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  • Adam Tye

Monthly Round-Up: March 2023

Letterboxd is on the rise. A previously niche corner of the internet, it now seems like the erstwhile film review platform has reached the mainstream, tangoing with the likes of previous cataloguing giant 'Goodreads' (and arguably doing it with a better User Interface to boot). It's a slick place for keeping track of your watchlist and film diaries (I've been using it to keep tethered to my Master's course mates since we graduated), and even though it's become increasingly uncool to use it for actual film reviews instead of bite-sized jokes...well, I just can't help myself.

What this means is that a lot of the writing I do on a day-to-day basis never makes it to my own website: much of it coming in a little too short to be worth the full blog post. But that's still a decent chunk of cumulative reviewing that is left unshared, and I thought a monthly roundup would be a good place to showcase some of the more substantial ones. I've even thrown some Goodreads reviews in here too, just for you.

So, March 2023: a month in which I blasphemed against one of 2022's critical darlings, prostrated on my hands and knees that I was able to see a Kurosawa film in the cinema, and dove back into that hallowed hall of YA fiction that dominated the early 2010s before vanishing with nary a trace...

All film reviews are from my Letterboxd profile.

All book reviews are from my Goodreads profile.


The Banshees of Inisherin (2022) dir. Martin McDonough

A terrific film - probably McDonough’s opus - and yet, I feel a little disappointed. I think coming to the film with all its hype and it’s In Bruges lineage, I expected something that would knock me on my ass, and not rise with a slow boil. That earlier film was juggling a hundred ideas with a cynical, comic bite, whereas Inisherin is excavating a single idea: the cynical bite itself - an idea that is slowly reiterated on over and over. It does so marvellously, and I really felt my investment tighten going into the back half, but I think a rewatch will pull it together. This time, I felt a little like I was waiting for the fireworks to begin.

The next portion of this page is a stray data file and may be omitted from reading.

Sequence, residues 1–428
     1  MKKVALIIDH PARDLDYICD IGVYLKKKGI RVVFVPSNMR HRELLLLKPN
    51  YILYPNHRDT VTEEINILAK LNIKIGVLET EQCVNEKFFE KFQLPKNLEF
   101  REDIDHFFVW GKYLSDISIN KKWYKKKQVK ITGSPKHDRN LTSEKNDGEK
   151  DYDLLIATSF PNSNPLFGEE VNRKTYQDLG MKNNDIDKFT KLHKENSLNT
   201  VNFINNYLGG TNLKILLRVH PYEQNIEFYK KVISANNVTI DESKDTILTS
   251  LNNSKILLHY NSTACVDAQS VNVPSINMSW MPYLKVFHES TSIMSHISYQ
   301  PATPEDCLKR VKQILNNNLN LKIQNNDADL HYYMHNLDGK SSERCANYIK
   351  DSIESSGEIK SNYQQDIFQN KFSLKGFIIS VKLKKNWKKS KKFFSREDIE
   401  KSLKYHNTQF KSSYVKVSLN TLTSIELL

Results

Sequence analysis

Ran (1985) dir. Akira Kurosawa

I can’t remember the last time I saw another film use an epic canvas for such bleak, existential purposes. An eerie credits sequence gives way to an hour of unsettling stillness and silence, before the world goes upside down in a siege sequence that’s easily a top three contender for all-time filmic chaos and destruction. Horror runs deep in Ran’s blood, and Kurosawa is unafraid to nudge the reality of a scene, just a little, as Ichimonji slips further into madness. Biggest shocks this time were twofold: first, Nakadai’s incredible performance, which matches the thunderous background that subsumes him; second, the long-lens wide photography, which gives a real sense of stage-like intimacy, especially in the final scenes.

Shout out as well to the final execution, which matched the light speed scene from The Last Jedi for making the audience audibly react in the dark.


The Hunger Games (2008) by Suzanne Collins